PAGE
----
Filed Under:Markets, Commercial Lines

Energy Insurance: Meet the Experts Slideshow

For producers and carriers looking for opportunities in the energy sector, one word sums up where a lot of the growth is occurring: alternative. Thanks to critical tax incentives, investments are flowing into the energy sector and construction has ramped up. Jobs are returning. And many industry observers believe today’s construction and production activity around alternative energy is just the forward edge of a trend that will continue for decades.

Still, the growth occurring in the renewable-energy sector is accompanied by new risks for insurers with which to test their underwriting skills.  A large portion of renewable-energy companies submitted to insurance companies are brand-new entities that don’t have an operating past, and much of the technology being used is also new and untested—at least in comparison to the tools used in fossil-fuel extraction and production. And in the Energy game, there are no small losses.

Another complicating factor is that many alternative-energy business models are unconventional; there are many counterparties involved, including lenders and investors as well as equipment manufacturers, construction contractors and power purchasers—and in many cases there are contracts binding the energy producer to a certain expected output or other deliverables. 

Click through for the perspectives of several of the top minds on the subject, all of whom spoke with PC360-NU for our line-focused digital issue devoted to Energy insurance.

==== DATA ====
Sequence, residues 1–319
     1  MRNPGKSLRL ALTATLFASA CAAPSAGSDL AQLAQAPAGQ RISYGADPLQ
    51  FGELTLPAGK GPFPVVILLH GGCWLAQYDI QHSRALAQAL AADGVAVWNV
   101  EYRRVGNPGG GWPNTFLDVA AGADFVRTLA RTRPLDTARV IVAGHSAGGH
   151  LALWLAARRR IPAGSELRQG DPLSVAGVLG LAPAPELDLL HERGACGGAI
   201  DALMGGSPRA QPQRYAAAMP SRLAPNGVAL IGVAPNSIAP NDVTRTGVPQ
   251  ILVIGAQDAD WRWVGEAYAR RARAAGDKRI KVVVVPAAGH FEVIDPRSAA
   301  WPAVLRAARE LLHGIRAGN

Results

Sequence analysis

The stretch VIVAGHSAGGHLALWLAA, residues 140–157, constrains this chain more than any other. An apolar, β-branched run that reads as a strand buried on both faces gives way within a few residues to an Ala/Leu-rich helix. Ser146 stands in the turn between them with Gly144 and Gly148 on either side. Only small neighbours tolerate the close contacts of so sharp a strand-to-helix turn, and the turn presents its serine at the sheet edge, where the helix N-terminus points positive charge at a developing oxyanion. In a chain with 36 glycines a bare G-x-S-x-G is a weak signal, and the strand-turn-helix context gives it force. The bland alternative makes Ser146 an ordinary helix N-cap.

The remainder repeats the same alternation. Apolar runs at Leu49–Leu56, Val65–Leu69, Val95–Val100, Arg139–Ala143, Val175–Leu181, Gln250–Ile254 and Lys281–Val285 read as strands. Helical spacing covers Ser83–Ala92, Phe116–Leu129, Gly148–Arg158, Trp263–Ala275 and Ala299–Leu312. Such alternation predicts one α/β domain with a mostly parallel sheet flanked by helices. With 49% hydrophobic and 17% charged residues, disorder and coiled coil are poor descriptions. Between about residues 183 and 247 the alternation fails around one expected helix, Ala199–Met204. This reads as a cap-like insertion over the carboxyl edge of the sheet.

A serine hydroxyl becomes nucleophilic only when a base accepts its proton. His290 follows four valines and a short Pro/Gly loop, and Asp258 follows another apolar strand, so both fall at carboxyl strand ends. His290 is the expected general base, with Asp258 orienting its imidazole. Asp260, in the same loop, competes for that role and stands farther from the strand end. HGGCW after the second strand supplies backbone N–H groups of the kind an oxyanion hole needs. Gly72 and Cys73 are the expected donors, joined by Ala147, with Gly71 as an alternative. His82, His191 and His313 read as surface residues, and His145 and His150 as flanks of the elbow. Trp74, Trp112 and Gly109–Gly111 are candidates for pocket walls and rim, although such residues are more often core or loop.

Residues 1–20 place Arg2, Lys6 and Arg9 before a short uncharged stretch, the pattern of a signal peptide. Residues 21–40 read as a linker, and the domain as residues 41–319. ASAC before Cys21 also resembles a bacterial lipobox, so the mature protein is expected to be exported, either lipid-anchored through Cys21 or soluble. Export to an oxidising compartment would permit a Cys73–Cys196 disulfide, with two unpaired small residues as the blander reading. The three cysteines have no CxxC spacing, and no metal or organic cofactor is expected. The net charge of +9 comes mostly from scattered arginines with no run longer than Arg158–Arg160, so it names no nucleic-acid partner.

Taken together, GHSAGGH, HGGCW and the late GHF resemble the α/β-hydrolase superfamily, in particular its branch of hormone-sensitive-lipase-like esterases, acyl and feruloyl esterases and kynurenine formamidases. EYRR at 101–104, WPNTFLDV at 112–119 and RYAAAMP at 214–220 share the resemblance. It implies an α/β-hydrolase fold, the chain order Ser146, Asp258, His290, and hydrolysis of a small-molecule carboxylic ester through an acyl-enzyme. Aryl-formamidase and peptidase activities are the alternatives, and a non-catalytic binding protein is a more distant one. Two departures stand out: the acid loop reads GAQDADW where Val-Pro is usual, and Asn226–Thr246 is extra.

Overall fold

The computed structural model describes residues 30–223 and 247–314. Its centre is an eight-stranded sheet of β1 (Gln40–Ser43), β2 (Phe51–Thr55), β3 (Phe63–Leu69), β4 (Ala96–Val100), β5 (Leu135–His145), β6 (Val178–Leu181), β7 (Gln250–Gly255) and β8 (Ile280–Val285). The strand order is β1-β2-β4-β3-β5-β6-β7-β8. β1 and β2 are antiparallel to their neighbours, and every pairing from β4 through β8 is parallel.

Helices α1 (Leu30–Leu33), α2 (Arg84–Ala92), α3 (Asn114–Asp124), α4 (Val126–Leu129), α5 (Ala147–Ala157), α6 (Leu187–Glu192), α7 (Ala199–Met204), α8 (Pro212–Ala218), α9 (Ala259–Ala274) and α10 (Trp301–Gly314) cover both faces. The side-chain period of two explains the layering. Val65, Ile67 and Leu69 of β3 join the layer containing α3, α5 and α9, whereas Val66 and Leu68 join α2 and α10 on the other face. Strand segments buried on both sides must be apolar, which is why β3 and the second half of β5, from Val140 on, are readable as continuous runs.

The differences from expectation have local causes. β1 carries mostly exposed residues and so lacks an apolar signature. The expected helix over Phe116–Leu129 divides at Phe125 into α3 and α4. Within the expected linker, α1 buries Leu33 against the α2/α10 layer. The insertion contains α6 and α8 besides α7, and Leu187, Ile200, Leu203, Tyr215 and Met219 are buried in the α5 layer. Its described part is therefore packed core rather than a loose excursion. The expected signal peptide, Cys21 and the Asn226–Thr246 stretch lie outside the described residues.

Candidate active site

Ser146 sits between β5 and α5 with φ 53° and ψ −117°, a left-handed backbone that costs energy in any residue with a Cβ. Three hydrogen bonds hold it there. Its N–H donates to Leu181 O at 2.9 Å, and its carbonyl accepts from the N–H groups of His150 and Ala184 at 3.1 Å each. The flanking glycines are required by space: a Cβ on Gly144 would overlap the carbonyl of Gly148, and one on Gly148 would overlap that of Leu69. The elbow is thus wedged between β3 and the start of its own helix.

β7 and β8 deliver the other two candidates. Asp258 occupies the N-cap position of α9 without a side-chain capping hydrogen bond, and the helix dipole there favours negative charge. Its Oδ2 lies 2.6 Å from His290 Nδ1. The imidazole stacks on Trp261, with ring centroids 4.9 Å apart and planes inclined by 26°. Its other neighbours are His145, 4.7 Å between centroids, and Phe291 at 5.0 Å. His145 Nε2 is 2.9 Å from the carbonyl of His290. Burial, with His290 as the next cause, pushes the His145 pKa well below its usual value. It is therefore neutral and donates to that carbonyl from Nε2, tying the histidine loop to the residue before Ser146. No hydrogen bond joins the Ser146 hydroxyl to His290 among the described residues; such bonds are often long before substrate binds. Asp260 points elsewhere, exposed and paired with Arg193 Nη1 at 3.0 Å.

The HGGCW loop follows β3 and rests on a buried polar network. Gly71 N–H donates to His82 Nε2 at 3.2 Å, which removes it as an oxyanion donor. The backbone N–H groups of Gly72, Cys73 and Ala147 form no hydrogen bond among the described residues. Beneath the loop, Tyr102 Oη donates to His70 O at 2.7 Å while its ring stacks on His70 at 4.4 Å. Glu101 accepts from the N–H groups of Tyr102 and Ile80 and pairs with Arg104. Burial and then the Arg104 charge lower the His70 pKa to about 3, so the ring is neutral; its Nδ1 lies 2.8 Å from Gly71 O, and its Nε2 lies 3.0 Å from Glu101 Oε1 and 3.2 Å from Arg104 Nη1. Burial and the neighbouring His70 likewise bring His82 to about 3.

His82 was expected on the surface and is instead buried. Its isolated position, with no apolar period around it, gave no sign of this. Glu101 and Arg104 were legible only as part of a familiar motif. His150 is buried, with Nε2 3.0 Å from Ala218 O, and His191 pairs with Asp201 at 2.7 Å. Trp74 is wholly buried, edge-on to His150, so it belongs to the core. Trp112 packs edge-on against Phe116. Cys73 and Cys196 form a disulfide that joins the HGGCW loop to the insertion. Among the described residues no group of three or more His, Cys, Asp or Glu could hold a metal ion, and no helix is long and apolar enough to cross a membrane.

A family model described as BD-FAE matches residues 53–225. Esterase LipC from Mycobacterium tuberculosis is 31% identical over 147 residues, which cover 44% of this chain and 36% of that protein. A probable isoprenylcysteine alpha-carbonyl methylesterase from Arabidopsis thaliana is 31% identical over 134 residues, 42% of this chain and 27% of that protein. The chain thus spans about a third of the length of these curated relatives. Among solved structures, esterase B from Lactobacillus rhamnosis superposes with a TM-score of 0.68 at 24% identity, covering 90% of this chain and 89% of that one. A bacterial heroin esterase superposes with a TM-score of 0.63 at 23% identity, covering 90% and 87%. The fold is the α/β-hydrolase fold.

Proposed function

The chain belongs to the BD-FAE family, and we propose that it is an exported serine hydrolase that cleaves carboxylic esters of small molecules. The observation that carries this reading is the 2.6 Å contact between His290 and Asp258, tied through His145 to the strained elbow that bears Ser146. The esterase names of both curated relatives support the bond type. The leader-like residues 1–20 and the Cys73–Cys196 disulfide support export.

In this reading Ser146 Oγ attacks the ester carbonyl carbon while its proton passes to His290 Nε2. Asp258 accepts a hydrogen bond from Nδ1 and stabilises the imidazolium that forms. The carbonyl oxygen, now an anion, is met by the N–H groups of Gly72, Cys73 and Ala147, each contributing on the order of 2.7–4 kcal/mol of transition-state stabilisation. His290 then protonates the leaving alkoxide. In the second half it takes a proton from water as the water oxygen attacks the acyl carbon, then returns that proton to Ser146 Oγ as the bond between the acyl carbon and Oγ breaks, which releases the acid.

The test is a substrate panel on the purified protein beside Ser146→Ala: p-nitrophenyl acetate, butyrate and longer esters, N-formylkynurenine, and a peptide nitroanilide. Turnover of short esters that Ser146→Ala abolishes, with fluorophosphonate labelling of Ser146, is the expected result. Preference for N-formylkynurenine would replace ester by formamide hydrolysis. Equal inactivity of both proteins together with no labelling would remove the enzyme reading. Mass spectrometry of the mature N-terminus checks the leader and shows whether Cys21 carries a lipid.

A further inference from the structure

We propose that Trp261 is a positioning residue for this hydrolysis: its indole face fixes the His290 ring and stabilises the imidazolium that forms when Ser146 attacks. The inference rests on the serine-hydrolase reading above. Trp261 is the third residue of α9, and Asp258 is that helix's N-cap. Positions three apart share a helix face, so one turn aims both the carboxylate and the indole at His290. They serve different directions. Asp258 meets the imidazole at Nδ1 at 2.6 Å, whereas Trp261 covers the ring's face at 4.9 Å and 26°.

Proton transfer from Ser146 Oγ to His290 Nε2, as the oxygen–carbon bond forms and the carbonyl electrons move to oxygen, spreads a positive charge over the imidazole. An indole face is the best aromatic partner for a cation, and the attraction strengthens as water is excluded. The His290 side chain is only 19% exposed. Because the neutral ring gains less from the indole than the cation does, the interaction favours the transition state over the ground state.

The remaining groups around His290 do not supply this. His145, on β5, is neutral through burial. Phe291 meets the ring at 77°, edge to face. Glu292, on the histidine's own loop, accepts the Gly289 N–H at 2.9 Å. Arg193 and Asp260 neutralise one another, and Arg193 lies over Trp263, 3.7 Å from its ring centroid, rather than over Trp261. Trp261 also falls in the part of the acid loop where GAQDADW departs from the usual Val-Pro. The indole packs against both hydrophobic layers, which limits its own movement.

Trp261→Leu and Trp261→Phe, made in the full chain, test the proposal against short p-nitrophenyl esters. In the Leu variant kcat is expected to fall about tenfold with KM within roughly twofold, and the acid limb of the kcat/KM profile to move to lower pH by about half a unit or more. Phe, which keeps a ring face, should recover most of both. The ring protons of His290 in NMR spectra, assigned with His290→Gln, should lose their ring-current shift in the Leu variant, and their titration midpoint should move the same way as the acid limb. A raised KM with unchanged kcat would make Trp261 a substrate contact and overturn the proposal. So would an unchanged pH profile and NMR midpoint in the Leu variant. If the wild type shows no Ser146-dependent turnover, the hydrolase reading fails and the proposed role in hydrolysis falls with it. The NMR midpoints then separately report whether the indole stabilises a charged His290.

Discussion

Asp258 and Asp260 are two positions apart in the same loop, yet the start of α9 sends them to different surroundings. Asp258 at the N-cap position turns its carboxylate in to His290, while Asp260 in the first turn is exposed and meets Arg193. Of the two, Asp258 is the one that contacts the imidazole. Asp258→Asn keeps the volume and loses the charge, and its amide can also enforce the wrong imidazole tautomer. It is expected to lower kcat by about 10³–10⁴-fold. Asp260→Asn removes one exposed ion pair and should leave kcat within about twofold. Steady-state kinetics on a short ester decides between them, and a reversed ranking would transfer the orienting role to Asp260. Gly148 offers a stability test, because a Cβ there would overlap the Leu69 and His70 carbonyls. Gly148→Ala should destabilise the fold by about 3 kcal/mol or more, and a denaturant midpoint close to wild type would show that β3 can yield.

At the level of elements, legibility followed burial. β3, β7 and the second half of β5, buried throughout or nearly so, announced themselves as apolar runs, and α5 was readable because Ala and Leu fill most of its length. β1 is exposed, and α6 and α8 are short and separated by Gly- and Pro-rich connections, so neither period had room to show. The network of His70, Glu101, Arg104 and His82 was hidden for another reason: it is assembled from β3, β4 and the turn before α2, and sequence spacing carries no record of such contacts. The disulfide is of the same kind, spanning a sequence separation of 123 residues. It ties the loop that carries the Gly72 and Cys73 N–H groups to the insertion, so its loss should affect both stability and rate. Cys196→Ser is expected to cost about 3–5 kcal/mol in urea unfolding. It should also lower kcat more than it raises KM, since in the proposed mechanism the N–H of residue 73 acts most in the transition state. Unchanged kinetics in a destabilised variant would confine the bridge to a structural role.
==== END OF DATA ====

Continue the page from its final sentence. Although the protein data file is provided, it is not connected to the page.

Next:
Rick Gibbons, President, Zurich Global Energy

Rick Gibbons joined Zurich in 2009 after eight years at American International Group Inc., where he was president of Global Energy Property, responsible for underwriting and engineering services for oil & gas, power generation, mining and process industries worldwide. At Zurich he works closely with regional underwriting teams and coordinates Zurich risk-engineering and claims units. Prior to AIG, Gibbons spent more than 17 years at Hartford Steam Boiler Inspection and Insurance Co., where he eventually became COO of its special-risks division in London.  He has more than 34 years of industry experience.

“The risks have always been there, but in the last three to five years there has been an increase in frequency—and certainly in severity—of claims,” says Gibbons. “Risk transfer is more important than ever. It takes a large, globally experienced company with the capacity to provide limits and differentiate deductibles and retentions, as well as captives.”

Robert Rokicki, Senior Vice President of Oil, Gas, Petrochemical and Chemical, Liberty International Underwriters

Robert Rokicki was brought on at Liberty International Underwriters (LIU) in January from a Fortune 100 insurer where he was responsible for managing a portfolio of energy property in the U.S. and Canada. At LIU he takes on a new role created to meet the growing need for Energy Property insurance in the U.S. and Latin America. Rokicki has 25 years of experience in directing business across a broad range of Energy Property insurance and advanced technology products, processes and markets.